Michael Cassar has been locked in a costly, two-year legal dispute with his homeowners association over three steps he wanted to build off his backyard deck in an upscale Greenville neighborhood. And now he gives newcomers here a heads-up.
“If you’re buying a home in Greenville and it’s under 20 years old, there’s probably 90% chance it’s going to have an HOA,” the local real estate agent says.
With Greenville ranking among the nation’s 10-fastest growing cities, HOAs are coming under increased scrutiny, according to people who live in them, people who manage them and lawyers involved in them.
HOAs adopt and enforce community standards, codified in covenants, conditions and restrictions, or CC&Rs, and bylaws. Membership is required. So is due diligence, stakeholders say.
Bruce Braun, president of the five-member HOA board at Montebello, a gated Paris Mountain community where Realtor.com lists homes for sale in the $800,000s, calls HOAs a “constitution.”
“It’s an extension of my house, the way I take care of my own home. I want to make sure that our community, all of our common area, are maintained on a similar level,” he says.
But disputes happen, and those sometimes boil over. Consider Cassar’s case.
In February 2020, he submitted a request to the HOA to add steps that would extend 3 feet into the 60-by-120-foot lot of the custom home he built for around $800,000 in 2016 in a Hollingsworth Park neighborhood in Verdae.
Neighbors claimed that, even though Cassar says the HOA’s architectural-review panel had approved his plan, the stairs violated the Braydon Homeowners Associations’ CC&Rs.
Next came lawsuits, mediation involving a half-dozen lawyers, heated exchanges with members— and legal bills he says amounted to some $75,000 for both sides.
He blames the situation on over-zealousness. “I think it’s when people take a little bit of power, they become tyrannical,” he says.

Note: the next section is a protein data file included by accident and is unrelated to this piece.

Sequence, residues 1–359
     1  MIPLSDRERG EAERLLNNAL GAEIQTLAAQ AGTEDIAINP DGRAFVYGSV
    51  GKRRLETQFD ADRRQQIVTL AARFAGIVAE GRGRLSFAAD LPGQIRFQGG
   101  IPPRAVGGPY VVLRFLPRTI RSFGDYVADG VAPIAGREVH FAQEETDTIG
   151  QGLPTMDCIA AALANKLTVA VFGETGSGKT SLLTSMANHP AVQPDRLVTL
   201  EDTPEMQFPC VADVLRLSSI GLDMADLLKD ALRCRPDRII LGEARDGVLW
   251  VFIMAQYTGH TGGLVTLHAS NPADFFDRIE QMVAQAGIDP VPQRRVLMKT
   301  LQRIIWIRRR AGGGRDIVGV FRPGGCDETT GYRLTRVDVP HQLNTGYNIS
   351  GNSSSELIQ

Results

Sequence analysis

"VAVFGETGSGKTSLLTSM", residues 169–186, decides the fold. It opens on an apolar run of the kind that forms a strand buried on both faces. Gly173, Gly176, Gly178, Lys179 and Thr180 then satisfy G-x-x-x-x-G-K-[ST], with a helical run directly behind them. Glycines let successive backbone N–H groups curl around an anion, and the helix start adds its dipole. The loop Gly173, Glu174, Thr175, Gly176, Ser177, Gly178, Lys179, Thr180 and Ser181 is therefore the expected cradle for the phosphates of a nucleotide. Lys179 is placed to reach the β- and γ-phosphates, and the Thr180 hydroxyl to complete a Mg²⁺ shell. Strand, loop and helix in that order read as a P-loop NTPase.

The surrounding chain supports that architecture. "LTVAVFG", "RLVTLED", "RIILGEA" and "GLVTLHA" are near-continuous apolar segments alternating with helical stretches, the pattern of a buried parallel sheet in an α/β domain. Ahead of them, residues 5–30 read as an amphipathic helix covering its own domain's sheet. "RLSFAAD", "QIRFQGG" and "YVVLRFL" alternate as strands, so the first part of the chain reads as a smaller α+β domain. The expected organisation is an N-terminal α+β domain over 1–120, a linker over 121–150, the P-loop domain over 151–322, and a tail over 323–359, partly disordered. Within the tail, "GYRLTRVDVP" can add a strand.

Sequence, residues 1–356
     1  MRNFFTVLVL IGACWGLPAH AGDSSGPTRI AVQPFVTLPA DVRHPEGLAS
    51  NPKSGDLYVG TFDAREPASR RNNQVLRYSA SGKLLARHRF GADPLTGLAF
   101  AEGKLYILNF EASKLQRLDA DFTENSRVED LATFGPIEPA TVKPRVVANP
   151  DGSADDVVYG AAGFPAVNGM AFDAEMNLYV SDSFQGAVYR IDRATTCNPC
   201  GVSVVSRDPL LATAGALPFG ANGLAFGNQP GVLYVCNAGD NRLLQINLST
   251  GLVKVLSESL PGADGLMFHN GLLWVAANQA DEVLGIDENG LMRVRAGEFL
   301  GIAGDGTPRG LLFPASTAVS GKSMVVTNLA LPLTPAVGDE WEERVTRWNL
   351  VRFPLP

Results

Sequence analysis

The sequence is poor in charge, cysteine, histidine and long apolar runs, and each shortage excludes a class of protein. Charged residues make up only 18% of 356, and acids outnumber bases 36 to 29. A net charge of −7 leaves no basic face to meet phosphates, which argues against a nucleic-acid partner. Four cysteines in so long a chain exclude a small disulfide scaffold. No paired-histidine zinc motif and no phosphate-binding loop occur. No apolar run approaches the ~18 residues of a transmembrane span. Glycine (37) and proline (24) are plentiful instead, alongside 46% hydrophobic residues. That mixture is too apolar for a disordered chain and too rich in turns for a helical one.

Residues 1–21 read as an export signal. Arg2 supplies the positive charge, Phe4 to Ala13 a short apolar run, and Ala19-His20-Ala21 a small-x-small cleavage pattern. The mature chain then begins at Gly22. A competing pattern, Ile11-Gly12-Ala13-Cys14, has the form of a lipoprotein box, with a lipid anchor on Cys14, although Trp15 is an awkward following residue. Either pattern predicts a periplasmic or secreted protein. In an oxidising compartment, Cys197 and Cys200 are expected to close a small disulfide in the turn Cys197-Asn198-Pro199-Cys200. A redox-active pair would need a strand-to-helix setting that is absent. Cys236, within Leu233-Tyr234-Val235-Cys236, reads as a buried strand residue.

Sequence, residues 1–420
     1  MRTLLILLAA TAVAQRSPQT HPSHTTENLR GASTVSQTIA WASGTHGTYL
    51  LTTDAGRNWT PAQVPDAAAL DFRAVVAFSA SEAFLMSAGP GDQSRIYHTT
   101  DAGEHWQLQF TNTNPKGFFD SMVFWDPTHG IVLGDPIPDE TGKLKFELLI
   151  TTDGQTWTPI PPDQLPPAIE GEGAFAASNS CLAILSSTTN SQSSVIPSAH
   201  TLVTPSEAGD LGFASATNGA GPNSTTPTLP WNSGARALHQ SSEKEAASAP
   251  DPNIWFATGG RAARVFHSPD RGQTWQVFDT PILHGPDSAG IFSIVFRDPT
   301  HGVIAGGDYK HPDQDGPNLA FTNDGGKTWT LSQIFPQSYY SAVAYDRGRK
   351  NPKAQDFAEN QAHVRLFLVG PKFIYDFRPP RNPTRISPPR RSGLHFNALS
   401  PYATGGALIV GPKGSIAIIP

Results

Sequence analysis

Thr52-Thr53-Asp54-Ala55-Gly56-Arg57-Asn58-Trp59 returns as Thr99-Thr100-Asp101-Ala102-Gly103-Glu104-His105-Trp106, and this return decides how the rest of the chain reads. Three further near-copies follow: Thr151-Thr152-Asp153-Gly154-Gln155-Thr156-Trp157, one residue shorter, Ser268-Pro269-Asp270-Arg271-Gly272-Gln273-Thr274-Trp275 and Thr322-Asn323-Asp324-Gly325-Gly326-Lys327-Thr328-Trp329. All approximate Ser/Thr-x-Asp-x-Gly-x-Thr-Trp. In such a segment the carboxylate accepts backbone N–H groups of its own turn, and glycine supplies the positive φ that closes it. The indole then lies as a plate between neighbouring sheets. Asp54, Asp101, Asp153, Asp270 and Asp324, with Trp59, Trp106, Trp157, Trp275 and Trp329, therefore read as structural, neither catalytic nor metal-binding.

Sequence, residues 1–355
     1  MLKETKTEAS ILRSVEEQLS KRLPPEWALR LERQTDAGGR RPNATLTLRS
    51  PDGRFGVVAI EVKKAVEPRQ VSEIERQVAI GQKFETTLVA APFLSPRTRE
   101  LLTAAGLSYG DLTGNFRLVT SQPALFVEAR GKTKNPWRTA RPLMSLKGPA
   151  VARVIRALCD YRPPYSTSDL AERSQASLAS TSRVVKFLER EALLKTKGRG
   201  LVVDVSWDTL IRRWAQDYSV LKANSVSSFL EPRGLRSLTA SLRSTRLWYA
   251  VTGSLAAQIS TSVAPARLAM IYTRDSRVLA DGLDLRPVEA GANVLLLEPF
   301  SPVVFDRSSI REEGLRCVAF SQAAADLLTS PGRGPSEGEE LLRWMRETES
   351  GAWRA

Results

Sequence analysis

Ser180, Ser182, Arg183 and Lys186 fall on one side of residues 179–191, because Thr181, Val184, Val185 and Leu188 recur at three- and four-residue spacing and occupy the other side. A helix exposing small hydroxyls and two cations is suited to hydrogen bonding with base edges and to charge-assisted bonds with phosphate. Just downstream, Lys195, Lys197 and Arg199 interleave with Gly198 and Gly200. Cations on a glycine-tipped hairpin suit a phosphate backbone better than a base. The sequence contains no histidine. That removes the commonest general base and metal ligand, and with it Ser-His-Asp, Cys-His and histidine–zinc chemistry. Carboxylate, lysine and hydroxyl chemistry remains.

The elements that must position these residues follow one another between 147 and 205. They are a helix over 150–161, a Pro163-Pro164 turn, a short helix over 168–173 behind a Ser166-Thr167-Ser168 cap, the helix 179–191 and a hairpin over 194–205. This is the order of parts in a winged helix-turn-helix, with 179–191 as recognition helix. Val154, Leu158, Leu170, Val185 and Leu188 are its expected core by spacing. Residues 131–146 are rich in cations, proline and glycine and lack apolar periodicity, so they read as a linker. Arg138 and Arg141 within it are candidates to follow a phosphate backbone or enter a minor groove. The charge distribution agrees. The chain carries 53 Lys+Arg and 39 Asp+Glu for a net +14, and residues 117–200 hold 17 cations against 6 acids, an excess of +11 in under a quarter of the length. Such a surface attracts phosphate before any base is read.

Eric Kohorn, vice president of association management at NHE, calls those people “condo commandos,” but when it comes to purchasing a home in an HOA, he says, “It’s buyer beware.”
From his Greenville-based firm that manages more than 80 community associations in 15 Southeastern states, he encourages buyers to vet HOAs with the same care they give to closing documents their real estate attorneys are required to provide.
Bailey Parker, director of public information at the state Department of Consumer Affairs, also advises prospective HOA members to know thy neighbor.
“This may seem creepy, but go door to door and talk to people,” she says. “Just knock and say, ‘Hey, I’m thinking of buying the house across the street or in this neighborhood. How do you like the HOA?’”
Hers is the only state agency involved in HOAs, but its job isn’t regulatory; it can only monitor and field complaints and attempt mediation.
Therein lies the problem, Kohorn and others say.
“My observation about South Carolina is that it seems to be very libertarian and just everybody gets to do whatever they want to do as long as it doesn’t hurt somebody else, and the state prefers to just let them litigate,” says Kohorn, who has been in the property management business for 16 years.
Kohorn worked in Alabama and Florida for 13 years before moving to Greenville in 2019. He cites the latter state as the premier source for regulatory standards.
“When it comes to HOAs, it’s kind of the wild, wild west here,” he says.
He points to the Florida Community Association Act, which runs 52 pages. Among its many requirements are that HOA board members must obtain state certification within 90 days of their election and condominiums must produce an annual FAQ document for prospective owners.
In 2018, the same year Florida’s rules took effect, South Carolina adopted the Department of Consumer Affairs Services for Homeowners and Homeowners Associations Act. Only the title is longer than Florida’s Chapter 720; the Palmetto state’s law runs five pages.
That lack of regulation “creates kind of a vacuum where things can happen that don’t normally happen in an HOA” in the Sunshine State, says Kohorn.
Take, for instance, the case of Nicholas Galipeau, a property manager who embezzled from 10 Greenville-area HOAs over three to four years. In 2019, Galipeau, then 36, owned Commercial Management Co.
He ultimately turned himself into Greenville County sheriff’s deputies after admitting he had stolen money to salvage his other company, a lawn-maintenance business, according to an arrest report obtained through the Freedom of Information Act.
He provided authorities with a handwritten list of the subdivisions and his loot: $720,659.76, the report shows.
“It was never my intention to have this go so badly, but I take full responsibility for my terrible judgment. It has literally cost me everything,” Galipeau is quoted as saying in the report.